So why the craze with the abdominal machines? To start Ð it is not the problem of the experts. Low back pain is epidemic in this country. One of the main reasons is poor posture. Proper abdominal exercises strengthen the trunk area and help create a more linear spine, alleviating some of the pressure against the nerves coming out of the vertebral column, and positioning the muscles and connective tissue in the low back region to settle in place better. Of course there may be some commission involved here, too. That’s OK. The problem with all of this hype is that people will think that this is the only exercise that they need to do in order to achieve slimness, enhanced beauty, and perhaps a mate. It is also interesting to note that those persons with the best physiques (models, actors, etc.) do not buy and large use these products. They also do not have the best diets. So what conclusions to we draw from this? First Ð the genetic component gives the basic framework. Thin will always be in for persons with the basic body type. Second Ð The type of exercise is important for obtaining the best results. Doing ab machine crunches every day may not be as beneficial as daily walking along with a complete strength training routine.

So, here is my humble message to Mr. and Mrs. America, who have watched with interest (and perhaps a bit of skepticism), the barrage of infomercials about the world’s best exercise product. If you think you will lose dozens of pounds of unwanted baggage, you won’t. It will come much quicker if you bypass the Girl Scout cookies that you bought this month from your neighbor’s daughter. Also Ð if you don’t think that the $50 offered is worth the price of a slim and trim waistline, try the regular walking program and contracting your abs every time you walk under a door jam. Chances are you may perform hundreds of contraction a day, and after a few weeks, you will notice a change in the tonus of your waist. Or, you can look at the barrage on TV and wonder why you haven’t joined in the abdominal revolution. Perhaps you should buy now before a new piece of equipment comes along with more spokespersons telling us how it can improve our health.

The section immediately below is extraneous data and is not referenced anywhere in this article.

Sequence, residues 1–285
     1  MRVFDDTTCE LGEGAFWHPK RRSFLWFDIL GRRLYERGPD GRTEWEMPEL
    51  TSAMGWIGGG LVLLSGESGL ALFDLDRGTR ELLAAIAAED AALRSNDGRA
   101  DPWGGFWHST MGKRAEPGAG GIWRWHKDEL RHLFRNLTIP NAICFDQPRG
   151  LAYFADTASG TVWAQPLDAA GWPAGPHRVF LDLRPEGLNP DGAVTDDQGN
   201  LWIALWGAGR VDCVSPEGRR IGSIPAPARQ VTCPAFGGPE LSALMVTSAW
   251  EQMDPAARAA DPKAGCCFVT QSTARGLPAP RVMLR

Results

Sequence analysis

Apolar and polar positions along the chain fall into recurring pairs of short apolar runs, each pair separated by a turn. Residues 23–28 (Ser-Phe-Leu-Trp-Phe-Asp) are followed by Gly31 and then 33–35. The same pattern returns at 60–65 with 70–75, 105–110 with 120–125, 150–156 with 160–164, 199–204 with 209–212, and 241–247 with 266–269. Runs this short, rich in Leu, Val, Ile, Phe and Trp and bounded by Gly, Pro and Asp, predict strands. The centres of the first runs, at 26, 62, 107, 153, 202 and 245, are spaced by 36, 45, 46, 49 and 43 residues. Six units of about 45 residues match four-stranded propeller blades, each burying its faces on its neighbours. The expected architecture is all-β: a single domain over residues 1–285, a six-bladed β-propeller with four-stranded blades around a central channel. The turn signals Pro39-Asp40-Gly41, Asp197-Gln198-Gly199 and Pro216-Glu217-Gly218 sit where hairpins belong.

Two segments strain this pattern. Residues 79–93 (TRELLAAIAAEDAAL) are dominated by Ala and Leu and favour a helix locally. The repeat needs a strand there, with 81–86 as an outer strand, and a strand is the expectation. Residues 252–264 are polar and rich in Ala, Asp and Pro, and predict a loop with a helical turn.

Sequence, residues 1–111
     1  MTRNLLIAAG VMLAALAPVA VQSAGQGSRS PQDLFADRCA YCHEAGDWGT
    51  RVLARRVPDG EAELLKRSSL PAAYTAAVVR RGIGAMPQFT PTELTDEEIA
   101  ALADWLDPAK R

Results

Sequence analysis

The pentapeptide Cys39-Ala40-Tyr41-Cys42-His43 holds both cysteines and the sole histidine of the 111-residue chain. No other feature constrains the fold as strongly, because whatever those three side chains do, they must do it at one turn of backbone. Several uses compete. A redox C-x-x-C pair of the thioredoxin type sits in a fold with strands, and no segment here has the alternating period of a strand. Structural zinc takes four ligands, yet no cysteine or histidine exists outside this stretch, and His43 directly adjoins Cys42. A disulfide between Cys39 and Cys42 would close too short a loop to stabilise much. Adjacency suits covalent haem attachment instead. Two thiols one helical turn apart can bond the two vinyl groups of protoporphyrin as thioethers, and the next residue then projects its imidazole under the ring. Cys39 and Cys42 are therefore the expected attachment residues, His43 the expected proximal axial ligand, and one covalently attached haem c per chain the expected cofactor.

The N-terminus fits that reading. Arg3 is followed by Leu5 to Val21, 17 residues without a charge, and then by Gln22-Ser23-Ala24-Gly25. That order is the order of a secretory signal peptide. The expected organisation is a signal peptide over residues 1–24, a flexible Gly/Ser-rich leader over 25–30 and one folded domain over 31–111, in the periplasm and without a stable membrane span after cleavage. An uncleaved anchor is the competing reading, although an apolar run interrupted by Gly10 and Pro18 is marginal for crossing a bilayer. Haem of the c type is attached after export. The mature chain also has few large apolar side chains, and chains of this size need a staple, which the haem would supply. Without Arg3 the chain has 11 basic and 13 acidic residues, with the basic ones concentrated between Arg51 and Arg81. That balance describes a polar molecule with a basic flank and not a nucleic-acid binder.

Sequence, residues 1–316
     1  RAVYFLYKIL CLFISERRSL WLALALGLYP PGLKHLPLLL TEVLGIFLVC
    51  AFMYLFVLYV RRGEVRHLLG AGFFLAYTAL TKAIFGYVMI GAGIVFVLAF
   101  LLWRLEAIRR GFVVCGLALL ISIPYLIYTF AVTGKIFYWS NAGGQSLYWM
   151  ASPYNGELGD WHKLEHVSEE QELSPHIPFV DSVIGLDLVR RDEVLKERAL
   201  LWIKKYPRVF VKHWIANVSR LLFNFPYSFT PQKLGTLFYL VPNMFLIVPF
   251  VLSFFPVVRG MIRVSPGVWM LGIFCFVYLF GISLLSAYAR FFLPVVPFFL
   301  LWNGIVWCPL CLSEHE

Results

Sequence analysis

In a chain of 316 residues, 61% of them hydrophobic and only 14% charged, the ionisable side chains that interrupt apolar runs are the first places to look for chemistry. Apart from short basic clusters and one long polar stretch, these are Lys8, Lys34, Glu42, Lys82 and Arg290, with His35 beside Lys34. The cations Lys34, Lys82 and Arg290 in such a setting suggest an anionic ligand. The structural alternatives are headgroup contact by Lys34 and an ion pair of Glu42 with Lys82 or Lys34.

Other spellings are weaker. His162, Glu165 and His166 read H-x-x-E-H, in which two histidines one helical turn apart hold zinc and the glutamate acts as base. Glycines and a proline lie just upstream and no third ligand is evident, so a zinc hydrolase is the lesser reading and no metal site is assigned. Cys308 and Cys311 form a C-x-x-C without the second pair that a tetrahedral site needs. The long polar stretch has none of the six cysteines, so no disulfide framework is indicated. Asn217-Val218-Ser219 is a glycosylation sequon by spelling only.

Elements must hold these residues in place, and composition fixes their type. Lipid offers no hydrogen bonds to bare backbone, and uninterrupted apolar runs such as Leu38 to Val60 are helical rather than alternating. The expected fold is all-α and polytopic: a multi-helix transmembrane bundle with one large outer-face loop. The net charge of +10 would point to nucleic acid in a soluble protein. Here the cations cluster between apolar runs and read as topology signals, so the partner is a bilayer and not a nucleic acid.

Any piece of exercise equipment will help in improving some aspect of posture, strength, and tone. However, with a bit of observation, we will learn that not one machine can do it all. Sometimes not using machines may be the best way to achieve success, as the crutch that enslaves us may have been lifted, and we are free to go about our own best method of achieving our goals. As the selection of channels to advertise these products increases, our powers of observation will be called upon to be ever keener. I hope that we can develop our powers of decision-making as much as we may need to develop our waistline.

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Written by Eric P. Durak MSc

Explore Wellness in 2021